Woah. Interesting theory.

I started to think about it. And I came up with some reasons why I think he may be right…

We like to think we ‘won’t let our kids change us’.
I know I was guilty of thinking this way. I saw couples with kids change, and ‘give in’, and ‘lose themselves’ to parenthood. And being the inherently selfish, usually otherwise and somewhat cynical person I am, I decided I wasn’t going to “let my children change who I am”. Come on…how many of you said something like that? So we set out on a mission not to let our post-baby life look different our pre-baby life and IT JUST DOESN’T WORK. We drive ourselves crazy trying to be the same people, have the same lifestyle, and do the same stuff.

We’ve been told we can have it all.
As a woman, I’ve experienced opportunities that were not as readily available to previous generations. Education, career, travel, domestic help, hands-on husbands. But along with those privileges comes the assumption that it’s a realistic possibility to Work Hard and Play Hard and Parent Well and Partner Well ALL AT THE SAME TIME AND EQUALLY BRILLIANTLY and that there are people out there getting this right and if you aren’t, well, what is wrong with you? The reality is for generations before us (and many women around the world still) if you worked hard, you didn’t spend a lot of time with your kids. If you had kids, you never socialised like you used to. If you weren’t working, you had less money. But we’re told we can have it all.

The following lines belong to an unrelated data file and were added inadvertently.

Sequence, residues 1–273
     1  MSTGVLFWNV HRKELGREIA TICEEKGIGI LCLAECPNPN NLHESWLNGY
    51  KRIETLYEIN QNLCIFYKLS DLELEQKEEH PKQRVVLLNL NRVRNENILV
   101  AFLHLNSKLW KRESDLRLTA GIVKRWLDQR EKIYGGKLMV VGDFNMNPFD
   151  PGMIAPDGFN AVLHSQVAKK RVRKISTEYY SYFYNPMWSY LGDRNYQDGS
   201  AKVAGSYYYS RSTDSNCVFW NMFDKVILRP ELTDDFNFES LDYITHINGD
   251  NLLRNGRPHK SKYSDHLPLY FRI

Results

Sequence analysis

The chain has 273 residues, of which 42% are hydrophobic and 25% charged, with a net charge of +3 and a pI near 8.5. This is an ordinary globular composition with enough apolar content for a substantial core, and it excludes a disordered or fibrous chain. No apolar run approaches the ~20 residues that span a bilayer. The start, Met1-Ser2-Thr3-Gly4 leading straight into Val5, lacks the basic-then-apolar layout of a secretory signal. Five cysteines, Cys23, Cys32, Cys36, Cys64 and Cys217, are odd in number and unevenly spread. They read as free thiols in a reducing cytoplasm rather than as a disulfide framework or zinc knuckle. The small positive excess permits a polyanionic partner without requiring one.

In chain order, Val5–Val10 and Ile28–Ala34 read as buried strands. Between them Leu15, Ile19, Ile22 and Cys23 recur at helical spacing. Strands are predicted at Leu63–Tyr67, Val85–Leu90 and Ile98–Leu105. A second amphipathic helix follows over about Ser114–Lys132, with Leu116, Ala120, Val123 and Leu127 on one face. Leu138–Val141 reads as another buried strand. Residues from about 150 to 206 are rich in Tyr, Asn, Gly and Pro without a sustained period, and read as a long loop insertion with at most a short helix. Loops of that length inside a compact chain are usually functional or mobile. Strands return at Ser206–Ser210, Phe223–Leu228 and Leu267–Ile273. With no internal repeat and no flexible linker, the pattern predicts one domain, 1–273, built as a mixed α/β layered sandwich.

There is so much information. We can read any number of parenting books and blogs, and we’re exposed to so many models and theories and suggestions that we have A MILLION WAYS TO KNOW WE’RE NOT GOOD ENOUGH.  I’m so grateful for the resources that have helped me, but in every article and on every page there is something I’m NOT doing right. And I know all about it. I know every time I do something wrong and how it will inevitably scar my child for life.

I certainly don’t want to diminish the effort, love and attention you give to your kids.

But seriously, dearest fellow human.

Lower your expectations. 

Or you could go Google how to be a better parent and do All The Things in all the blogs and chat about it at Wine Club and write a blog and start a Pintrest page on dealing with children’s sensory development and go on a parenting course and start another small business to earn more money so you can send them to a better school and also stop fighting with your husband.